PEGGY KING recorded a few LPs during the '50s (for Columbia and Candlelite), but was a popular face on television and remained a steadfast interpreter of standards for decades after.
King was known best for her 1954 spots for The George Gobel Show on television, which earned her the nickname "Pretty Perky Peggy King."
Born in 1930 in Greensburg, PA, King began singing at an early age. After her family moved to Ravenna, OH, she attended high school and business college, meanwhile singing at clubs around the Cleveland area. She made the move to radio and a hotel band as well, then joined the big-time when she began touring with the orchestras of Charlie Spivak, Ray Anthony, and Ralph Flanagan.
Sparked by the national popularity of Flanagan's band, King moved to Hollywood, where she took singing and dancing lessons. Her television debut came on Mel Torme's show, but her big break came under inauspicious circumstances.
Columbia A&R head Mitch Miller heard her singing a radio jingle for Hunt's Tomato Sauce while driving in his car, and she soon began recording for Columbia.
Her breakout year was 1954, during which she was featured both on The George Gobel Show and Ted Mack's Amateur Hour. Her single "Make Yourself Comfortable" reached the Hit Parade early in 1955, and she recorded a pair of solid LPs that year, Girl Meets Boy and Wish Upon a Star. The work earned her an Emmy nomination, and Down Beat magazine named her the Best New Singer of 1956.
Though her recording schedule grew less busy, King made appearances on television during the late '50s and early '60s. King performed with the acclaimed Philadelphia Orchestra, and co-wrote (and performed) the NFL's "The Men Who Played the Game."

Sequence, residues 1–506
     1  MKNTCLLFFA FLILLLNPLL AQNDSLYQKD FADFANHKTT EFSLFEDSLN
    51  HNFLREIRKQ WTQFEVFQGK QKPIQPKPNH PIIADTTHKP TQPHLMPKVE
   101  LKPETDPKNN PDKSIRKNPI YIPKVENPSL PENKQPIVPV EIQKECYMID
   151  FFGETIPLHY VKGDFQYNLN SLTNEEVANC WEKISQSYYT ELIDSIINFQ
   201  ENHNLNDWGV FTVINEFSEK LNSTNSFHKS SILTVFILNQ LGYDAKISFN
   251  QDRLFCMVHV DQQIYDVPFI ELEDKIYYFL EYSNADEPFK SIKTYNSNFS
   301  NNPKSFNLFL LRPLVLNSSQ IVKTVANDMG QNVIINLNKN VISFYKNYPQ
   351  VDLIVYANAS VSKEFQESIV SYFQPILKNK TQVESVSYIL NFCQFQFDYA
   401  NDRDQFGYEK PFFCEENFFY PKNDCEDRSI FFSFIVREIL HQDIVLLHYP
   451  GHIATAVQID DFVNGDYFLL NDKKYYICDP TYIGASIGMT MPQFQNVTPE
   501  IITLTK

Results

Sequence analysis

ROSITA SERRANO (1914–1997) hoped to make her debut at Berlin's prestigious Wintergarten wearing a bikini and carrying a parasol, but her mother, opera singer and wife of a Chilean diplomat, nixed the idea.
Billed as "the Chilean nightingale," Serrano was as daring in her music as she was feisty in her behavior, which included bashing a bandleader over the head with her guitar.
Breathtaking in her multi-octave virtuosity and mind-boggling in her eclecticism, the glamorous singer-actress might have been remembered in league with Edith Piaf and Sarah Vaughan, had her early career not been closely linked to Nazi Germany.
Recording between 1937 and 1952, Rosita's recordings include flamenco, tango, rumba, mambo, and pop songs, mostly in German and Spanish. Serrano could also sing operatic coloratura in a soaring soprano, dropping register for some growling scat that's indebted to African American blues diva Ethel Waters, and topping it off with pitch-perfect whistling worthy of Bing Crosby.
MICHAEL RASHKOW/TMC: These five circa 1974-1982 New Jersey radio spots spring from the forehead of adman Michael Rashkow, who was also a 1960s songwriter ("Mary in the Morning," recorded by Elvis and Glen Campbell) and music producer.
From the agency he founded, originally named Two Minute Communications which morphed into T:MC and ultimately became The Michael Rashkow Group/TMC, these Monmouth County spots ran essentially there and in the adjacent county of Ocean.
Some of the spots were done while Rashkow wored at a small radio station which was always called 11/7 Radio--call letters, WHLW. Others were made at Rashkow's my agency and also one of his employers, Apple Advertising.
"Most of the funny ones came from the radio station period because agency clients were bigger fish and more conservative," recalled Rashkow.